Snow blower repair can be simple and effective, if you do it right. You’ll also save a ton of money by not having to pay a professional to do it for you. Below are a few steps that should help you to keep your snow blower working for years to come.
Step 1 – Getting Started
Prepare your snow blower and work area before you start yoru repairs. Choose a well lit area where you will have a lot of space. Be sure your snow blower is turned off before you start your repairs.
Step 2 – Repairs
You should start by replacing the spark plugs on your snow blower. After you have done this you can start on the carburetor. You’ll need to take it out and completely dismantle it. The jets and inlet needles will need to be cleaned with a cleaner specifically for carburetors. After you have cleaned your jets and inlet needles you’ll need to put them back in place along with your carburetor.
Step 3 – Blades
Check the blades on your snow blower regularly. If they don’t yet need to be replaced then you will need to rub a wax onto them to keep them in workable condition. If your blades do need to be replaced, do away with the rivets and swap the blades out.
Step 4 – Fuel Filter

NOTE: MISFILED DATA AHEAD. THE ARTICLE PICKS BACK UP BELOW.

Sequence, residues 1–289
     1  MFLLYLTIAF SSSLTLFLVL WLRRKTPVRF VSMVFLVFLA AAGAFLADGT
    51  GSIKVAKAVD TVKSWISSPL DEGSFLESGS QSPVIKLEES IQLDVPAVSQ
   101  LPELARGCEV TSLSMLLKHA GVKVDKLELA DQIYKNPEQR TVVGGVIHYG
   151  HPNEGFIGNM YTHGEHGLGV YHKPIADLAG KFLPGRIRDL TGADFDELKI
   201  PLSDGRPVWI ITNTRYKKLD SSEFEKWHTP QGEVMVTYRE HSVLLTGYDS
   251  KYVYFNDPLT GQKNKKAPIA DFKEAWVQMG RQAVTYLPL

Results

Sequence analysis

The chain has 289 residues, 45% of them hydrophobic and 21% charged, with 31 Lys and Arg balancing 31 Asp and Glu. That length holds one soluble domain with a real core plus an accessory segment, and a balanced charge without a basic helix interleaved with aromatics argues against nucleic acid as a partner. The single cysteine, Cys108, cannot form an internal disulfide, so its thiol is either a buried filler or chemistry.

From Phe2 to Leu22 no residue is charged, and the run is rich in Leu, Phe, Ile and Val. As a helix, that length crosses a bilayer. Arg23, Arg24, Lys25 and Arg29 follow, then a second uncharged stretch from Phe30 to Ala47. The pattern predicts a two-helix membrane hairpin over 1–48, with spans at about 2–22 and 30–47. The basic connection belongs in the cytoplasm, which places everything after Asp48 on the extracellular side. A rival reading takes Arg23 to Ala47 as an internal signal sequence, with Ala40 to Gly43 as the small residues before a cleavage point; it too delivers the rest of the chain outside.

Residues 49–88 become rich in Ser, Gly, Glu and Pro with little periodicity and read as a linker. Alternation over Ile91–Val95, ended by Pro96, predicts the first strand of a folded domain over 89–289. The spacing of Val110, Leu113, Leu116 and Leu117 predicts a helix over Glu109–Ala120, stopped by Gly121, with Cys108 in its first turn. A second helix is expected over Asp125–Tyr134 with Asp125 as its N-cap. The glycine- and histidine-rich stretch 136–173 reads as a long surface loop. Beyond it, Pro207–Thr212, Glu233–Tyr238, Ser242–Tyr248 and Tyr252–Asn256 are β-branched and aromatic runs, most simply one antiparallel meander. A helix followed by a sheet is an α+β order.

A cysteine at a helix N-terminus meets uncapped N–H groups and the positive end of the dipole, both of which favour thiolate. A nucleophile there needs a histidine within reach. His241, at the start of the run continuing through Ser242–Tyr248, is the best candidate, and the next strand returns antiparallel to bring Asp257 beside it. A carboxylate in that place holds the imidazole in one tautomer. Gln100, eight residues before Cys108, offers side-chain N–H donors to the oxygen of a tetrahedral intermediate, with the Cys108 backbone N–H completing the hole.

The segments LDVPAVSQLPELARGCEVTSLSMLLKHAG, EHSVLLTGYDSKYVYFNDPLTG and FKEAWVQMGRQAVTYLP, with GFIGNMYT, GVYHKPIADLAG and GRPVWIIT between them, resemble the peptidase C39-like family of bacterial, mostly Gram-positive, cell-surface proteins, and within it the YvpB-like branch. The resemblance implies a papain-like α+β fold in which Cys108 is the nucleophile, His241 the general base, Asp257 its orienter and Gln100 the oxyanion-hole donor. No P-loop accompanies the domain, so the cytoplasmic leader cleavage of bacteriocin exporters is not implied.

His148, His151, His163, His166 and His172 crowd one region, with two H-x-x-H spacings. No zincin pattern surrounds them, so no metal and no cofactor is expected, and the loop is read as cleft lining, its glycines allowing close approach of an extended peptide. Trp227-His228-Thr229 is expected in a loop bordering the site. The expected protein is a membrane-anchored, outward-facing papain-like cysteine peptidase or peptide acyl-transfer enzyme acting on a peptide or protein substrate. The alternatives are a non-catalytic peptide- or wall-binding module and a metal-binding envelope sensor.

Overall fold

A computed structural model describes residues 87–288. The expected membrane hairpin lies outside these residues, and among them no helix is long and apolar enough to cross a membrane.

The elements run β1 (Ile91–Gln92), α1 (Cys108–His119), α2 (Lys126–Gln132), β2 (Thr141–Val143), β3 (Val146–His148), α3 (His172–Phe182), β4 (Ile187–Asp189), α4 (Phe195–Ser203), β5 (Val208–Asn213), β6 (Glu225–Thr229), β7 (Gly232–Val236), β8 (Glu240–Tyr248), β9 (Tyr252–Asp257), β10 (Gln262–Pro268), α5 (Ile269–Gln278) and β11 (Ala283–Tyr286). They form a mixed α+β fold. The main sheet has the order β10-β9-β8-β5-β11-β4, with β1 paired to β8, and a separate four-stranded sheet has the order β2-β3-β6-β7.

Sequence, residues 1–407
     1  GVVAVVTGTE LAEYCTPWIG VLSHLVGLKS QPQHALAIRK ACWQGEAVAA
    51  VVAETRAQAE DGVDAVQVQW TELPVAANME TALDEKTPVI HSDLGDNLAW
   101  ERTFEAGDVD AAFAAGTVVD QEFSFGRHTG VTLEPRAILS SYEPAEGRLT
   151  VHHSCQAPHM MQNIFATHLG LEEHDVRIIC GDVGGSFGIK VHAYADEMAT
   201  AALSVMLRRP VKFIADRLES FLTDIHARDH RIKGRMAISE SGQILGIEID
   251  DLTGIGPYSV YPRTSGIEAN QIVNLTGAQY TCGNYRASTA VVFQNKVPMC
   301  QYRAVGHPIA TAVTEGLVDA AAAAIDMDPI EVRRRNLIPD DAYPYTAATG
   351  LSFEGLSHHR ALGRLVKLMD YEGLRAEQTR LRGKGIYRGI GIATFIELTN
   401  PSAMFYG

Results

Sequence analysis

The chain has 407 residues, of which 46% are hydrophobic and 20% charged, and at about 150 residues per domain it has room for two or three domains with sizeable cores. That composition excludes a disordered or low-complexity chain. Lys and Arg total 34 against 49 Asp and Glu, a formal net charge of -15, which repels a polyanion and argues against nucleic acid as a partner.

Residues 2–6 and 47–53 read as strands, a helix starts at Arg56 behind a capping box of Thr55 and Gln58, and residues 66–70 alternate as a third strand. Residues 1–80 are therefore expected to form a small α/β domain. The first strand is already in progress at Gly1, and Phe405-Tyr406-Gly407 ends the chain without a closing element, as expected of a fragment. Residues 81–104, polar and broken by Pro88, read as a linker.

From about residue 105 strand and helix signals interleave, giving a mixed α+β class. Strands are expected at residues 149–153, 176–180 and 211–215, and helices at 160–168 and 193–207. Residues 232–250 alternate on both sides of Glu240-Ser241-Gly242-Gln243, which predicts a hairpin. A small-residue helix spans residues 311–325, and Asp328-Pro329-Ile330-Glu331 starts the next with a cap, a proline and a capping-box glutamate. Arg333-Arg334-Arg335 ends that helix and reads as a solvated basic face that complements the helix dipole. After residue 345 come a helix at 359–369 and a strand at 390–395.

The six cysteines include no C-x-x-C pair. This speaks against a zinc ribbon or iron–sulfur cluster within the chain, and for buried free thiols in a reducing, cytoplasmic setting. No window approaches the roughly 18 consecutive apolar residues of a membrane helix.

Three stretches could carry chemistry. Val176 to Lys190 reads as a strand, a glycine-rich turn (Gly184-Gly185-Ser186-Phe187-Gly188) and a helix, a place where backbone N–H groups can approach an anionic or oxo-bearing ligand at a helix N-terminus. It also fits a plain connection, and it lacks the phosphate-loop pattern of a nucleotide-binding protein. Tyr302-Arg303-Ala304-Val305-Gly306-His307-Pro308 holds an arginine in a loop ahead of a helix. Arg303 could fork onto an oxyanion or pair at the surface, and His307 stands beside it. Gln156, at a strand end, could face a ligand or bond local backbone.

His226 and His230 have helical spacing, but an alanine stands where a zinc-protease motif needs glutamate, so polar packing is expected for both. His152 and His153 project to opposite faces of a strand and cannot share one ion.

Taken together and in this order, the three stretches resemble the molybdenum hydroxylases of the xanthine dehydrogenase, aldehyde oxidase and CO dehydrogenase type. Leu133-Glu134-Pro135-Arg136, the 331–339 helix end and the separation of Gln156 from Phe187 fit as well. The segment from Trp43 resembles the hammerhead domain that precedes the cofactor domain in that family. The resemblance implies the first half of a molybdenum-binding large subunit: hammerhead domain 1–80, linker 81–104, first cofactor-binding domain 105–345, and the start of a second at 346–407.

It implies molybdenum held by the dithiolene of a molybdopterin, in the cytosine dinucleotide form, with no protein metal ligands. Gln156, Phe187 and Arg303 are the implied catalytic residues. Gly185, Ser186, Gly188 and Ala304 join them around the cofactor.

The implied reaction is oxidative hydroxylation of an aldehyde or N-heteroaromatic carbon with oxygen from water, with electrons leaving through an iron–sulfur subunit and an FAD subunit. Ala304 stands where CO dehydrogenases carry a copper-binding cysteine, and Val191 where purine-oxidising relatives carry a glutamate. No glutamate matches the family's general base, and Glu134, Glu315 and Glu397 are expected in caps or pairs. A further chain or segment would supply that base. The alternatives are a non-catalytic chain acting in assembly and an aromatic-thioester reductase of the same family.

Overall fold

If your fuel filter needs to be changed out, begin by draining the gas tank. The easiest way to do this is to take your snow blower outside and let it go until it runs out of gas. After you have done this you will need to refill the snow blower with fresh fuel. Some snow blowers don’t have fuel filters, so this may not even be an option for you.
Step 5 – Upkeep
It’s best to maintain your snow blower throughout the year to ensure that you will have as few repairs to worry about as possible. One of the ways to do this is by draining out the oil with new oil. This should be done at the very beginning of the spring each year.
Look at your owners’ manual for any additional assistance. This will have specific instructions for you to follow about your exact snow blower.
You should never try to fix a jam in your snow blower by sticking your hands or arms into the blades. This can be dangerous, even if the snow blower is not turned on. When the blades are released, the force itself can cause injury.